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Suffolk: Rapists taken off sex offenders’ register after human rights challenge

PUBLISHED: 12:20 08 May 2013 | UPDATED: 12:21 08 May 2013

Two men have been found guilty of hunting a fox with dogs

Two men have been found guilty of hunting a fox with dogs

Archant

POLICE chiefs have criticised European lawmakers after it was revealed four sex offenders – including two rapists – have been removed from the the Sex Offenders’ Register in Suffolk on human rights grounds.

Tim Passmore, Suffolk Police and Crime Commissioner, warned “the floodgates might now open” after a human rights ruling allowed sex offenders to apply to come off the register, claiming they no longer posed a threat.

The Supreme Court ruled in 2011 that the automatic lifetime inclusion breached the Human Rights Act. It came into effect on September 1 last year after an appeal ordered by Prime Minister David Cameron was rejected.

Figures, released under freedom of information laws, showed Suffolk police have since received four requests from sex offenders asking to be removed from the register. All four were approved.

The force said it would not reveal their names or any further information – other than two were related to rape offences – because of privacy laws.

Mr Passmore said: “I am extremely unhappy that the European Court of Human Rights is able to overrule our law.

“I find it completely unacceptable that an unelected and unaccountable body is dictating to us. We are a sovereign nation. We should be able to make our own rules.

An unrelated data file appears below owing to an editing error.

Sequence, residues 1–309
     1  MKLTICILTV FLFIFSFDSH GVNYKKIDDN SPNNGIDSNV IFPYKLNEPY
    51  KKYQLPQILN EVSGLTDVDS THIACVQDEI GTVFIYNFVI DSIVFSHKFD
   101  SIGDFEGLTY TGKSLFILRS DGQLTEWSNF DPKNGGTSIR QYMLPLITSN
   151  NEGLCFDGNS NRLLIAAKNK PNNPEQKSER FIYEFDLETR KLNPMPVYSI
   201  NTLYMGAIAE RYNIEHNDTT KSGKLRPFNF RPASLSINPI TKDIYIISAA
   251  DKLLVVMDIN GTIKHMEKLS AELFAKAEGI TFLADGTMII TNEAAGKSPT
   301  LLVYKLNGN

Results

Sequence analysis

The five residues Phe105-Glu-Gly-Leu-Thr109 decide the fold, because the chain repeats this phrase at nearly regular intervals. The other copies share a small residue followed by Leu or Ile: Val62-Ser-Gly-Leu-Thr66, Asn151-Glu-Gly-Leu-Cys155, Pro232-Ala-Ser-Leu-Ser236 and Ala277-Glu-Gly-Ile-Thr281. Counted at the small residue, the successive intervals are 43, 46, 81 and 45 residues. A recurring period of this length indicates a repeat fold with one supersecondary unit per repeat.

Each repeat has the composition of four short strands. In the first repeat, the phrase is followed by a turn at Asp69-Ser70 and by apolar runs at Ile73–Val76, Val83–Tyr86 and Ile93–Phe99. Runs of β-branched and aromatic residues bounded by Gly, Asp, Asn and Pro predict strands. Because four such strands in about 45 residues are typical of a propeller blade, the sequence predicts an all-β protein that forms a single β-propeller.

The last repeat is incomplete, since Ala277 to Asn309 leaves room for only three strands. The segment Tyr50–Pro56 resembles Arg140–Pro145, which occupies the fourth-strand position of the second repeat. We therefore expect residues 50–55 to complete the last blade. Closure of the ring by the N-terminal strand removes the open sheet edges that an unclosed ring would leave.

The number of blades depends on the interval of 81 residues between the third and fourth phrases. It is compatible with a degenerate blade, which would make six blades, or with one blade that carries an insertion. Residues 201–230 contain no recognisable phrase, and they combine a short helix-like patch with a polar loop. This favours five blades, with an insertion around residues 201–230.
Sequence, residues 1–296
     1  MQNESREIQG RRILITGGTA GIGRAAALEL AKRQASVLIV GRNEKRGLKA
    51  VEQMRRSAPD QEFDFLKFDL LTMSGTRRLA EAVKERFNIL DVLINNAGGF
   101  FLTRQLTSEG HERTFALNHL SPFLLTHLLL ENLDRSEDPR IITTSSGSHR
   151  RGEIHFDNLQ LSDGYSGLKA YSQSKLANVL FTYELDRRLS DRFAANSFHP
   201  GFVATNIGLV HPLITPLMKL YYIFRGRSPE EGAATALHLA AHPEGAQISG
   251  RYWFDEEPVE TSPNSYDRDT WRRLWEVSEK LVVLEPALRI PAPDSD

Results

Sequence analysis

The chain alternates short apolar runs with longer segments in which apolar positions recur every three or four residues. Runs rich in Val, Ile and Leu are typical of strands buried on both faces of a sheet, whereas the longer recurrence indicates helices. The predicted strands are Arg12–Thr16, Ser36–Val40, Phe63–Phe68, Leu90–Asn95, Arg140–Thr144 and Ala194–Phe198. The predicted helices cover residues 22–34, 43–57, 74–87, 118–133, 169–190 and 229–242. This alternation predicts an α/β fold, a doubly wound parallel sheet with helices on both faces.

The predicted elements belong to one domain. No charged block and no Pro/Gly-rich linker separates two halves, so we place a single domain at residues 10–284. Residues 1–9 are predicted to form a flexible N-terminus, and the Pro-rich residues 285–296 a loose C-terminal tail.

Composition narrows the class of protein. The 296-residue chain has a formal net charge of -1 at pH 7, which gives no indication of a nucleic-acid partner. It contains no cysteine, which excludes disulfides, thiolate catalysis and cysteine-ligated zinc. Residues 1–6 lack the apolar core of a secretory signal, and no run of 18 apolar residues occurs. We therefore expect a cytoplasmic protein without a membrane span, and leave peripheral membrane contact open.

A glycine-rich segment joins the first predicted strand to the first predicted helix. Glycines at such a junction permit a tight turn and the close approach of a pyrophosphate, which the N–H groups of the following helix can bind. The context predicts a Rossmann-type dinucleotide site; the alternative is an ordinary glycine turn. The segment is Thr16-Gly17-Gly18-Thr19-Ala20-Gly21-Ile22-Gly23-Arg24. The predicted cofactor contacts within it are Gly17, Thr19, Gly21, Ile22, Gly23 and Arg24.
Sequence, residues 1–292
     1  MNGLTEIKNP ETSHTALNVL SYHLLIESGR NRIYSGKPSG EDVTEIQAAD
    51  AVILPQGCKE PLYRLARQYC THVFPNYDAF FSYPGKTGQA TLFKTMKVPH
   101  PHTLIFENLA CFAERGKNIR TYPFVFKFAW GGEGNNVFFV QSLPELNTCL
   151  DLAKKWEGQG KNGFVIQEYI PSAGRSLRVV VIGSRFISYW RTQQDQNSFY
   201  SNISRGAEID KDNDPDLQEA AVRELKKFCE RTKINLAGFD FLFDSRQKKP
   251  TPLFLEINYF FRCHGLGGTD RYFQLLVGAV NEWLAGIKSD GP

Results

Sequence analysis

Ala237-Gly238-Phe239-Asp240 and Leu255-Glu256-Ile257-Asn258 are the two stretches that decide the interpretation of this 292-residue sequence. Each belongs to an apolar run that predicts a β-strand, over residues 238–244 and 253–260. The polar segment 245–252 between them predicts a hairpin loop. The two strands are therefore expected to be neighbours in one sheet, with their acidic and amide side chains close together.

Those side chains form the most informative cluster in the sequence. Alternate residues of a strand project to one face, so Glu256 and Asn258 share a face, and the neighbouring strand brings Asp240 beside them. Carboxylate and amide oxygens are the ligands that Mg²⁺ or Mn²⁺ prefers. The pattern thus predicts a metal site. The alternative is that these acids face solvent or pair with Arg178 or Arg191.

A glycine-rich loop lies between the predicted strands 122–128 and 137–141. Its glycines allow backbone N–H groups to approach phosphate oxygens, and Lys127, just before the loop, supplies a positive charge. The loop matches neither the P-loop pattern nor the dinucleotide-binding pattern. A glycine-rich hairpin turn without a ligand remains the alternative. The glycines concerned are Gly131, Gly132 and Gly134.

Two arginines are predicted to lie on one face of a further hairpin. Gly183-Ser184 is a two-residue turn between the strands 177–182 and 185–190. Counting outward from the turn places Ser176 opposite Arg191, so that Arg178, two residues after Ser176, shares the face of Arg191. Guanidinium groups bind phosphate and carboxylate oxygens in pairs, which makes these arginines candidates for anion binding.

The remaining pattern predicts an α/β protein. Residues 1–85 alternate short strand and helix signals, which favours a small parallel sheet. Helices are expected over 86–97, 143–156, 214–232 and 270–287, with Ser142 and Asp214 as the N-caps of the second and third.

“It’s not right European courts have this higher power. How have we got to this state? It undermines public confidence and ties police up in knots. It needs to be changed – and quickly.”

Currently anyone jailed for 30 months or more for a sex offence is automatically put on the register for an indefinite period.

Their names, addresses, date of birth and national insurance number are recorded, and they must inform police in person of any changes or if they wish to leave the country.

But sex offenders can now appeal to be removed from the register 15 years after their release from prison.

Mr Passmore said: “The floodgates might open now. More sex offenders are going to ask to come off the register. I’m very angry about this.

“Imagine if a member of your family was a victim of rape – how would you feel about this issue? They will be able to move around without being checked and might reoffend. What about the victim’s human rights?”

Fiona Ellis, co-founder of Ipswich-based Survivors in Transition (SiT), branded the new law “unfair”.

“Victims are given a life sentence so sex offenders should remain on the list permanently,” she added.

Cath Elliott, volunteer co-ordinator at Suffolk Rape Crisis, said the welfare of sexual offenders is going above the concern for public safety.

“How is it decided that sex offenders are no longer a danger or no longer need to be monitored? It’s appalling,” she added.

Detective Superintendent Alan Caton said detectives get a full picture of the risks to the public when reviewing cases.

“Factors that can support the approval of an applicant being removed are their age and if they have not reoffended during their time on the register,” he added.

“In these four cases officers at Suffolk and representatives from partner agencies were content that the applicants no longer posed a risk to the public and that our efforts would be better concentrated on those who continue to pose a higher risk.

“Members of the public should be reassured that sex offenders who we believe continue to pose a risk will remain on the register.”

Police say it was not possible to seek the views of victims due to how old the offences were - but said better recording systems for more recent offences would enable that in the future.

The news comes after the EADT reported yesterday how four in five serious sexual offences went unsolved in Suffolk in 2012/13.

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